In November 2006, the mother obtained a new job, but she and the children stayed in the family shelter until February 2007. A trial was held on January 16, 2007, to consider custody and relocation issues. The father continued to have supervised parenting time with the three minor children.
A petition was filed on February 16, 2007, the father alleged that the mother was not bringing the children to his supervised parenting time at the father’s church as agreed. A hearing on this petition occurred on March 14, 2007, at which the mother was found in contempt for reasons stated. The court did not find her in contempt of any additional orders and refused the father’s request for sanctions in response to the situation.
The court awarded the mother sole legal custody of the children and allowed her to relocate with the children to Wisconsin at the end of the school year (2006-7). The court’s decision was based on the “significant history of domestic violence.” The court found that the mother had been a victim of domestic violence at the hands of the father while the children were present.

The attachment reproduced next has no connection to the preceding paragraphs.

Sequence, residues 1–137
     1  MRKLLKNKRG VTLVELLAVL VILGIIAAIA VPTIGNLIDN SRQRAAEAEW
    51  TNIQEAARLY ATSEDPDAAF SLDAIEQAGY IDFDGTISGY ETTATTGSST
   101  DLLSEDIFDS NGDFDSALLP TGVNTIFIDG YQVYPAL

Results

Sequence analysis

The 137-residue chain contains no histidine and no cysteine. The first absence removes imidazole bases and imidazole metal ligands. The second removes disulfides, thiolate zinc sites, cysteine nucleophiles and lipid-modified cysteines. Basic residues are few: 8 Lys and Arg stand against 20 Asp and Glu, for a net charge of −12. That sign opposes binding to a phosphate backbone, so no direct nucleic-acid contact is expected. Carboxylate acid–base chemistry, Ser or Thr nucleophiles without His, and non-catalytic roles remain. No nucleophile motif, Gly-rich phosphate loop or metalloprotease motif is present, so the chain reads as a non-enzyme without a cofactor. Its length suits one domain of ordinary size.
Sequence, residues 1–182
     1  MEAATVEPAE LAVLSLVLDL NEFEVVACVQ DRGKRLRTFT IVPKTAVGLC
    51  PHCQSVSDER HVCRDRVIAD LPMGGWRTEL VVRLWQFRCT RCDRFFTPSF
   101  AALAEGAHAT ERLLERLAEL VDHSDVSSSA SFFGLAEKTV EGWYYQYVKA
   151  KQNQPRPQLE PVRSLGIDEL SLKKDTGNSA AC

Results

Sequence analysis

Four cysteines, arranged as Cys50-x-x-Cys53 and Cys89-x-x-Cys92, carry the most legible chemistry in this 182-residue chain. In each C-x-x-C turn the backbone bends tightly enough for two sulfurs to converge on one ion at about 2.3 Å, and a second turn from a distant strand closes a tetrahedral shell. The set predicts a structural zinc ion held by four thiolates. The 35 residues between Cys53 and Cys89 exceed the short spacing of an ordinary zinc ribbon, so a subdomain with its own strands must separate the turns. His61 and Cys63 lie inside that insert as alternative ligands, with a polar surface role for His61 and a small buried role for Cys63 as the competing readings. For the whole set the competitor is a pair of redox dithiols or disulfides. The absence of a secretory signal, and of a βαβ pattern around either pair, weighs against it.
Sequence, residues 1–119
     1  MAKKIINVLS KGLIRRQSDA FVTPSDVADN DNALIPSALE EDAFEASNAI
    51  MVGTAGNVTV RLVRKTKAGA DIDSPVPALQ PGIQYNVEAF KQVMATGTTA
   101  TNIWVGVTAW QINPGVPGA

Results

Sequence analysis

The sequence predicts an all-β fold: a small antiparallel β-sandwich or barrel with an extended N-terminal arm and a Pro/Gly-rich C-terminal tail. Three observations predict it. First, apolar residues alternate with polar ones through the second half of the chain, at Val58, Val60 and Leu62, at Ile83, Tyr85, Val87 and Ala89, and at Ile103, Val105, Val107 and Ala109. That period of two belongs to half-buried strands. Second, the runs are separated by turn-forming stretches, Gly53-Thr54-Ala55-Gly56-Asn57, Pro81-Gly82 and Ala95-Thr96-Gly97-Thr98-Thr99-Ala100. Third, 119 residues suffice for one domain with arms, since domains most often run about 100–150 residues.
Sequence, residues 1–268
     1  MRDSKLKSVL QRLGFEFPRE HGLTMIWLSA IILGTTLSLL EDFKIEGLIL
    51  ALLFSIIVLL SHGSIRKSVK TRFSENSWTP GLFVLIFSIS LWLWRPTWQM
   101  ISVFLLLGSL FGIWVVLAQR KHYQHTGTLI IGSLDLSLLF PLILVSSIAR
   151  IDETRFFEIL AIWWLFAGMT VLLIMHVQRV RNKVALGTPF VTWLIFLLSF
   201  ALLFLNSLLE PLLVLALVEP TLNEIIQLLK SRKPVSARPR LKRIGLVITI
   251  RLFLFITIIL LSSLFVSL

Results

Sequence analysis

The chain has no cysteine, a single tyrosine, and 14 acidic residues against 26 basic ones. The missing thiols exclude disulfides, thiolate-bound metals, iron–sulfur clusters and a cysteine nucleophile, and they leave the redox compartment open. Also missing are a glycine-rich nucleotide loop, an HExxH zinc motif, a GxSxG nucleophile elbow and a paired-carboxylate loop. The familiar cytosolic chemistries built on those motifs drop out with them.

The trial court also found that the children had been victims of domestic violence. It was ordered that the children receive counseling. The father was awarded unsupervised parenting time. A long-distance parenting plan was set in place to take effect at the end of the school year when the mother and children relocated. The father responded to the decision by filing an appeal.
Sole Custody Awarded When Significant Domestic Violence Occurs
The father alleges the court abused its discretion in awarding sole custody to the children’s mother stating that the court failed to make detailed findings of fact. He also denied a “significant history of domestic violence.”
It is the findings of this court that there was sufficient evidence to support the family court’s findings of a “significant history of domestic violence”, including records of hospital visits, police reports, counseling records, etc. Thus the family court did not err when awarding sole custody of the children to the mother and specifically declining to award joint custody. The custody award was affirmed.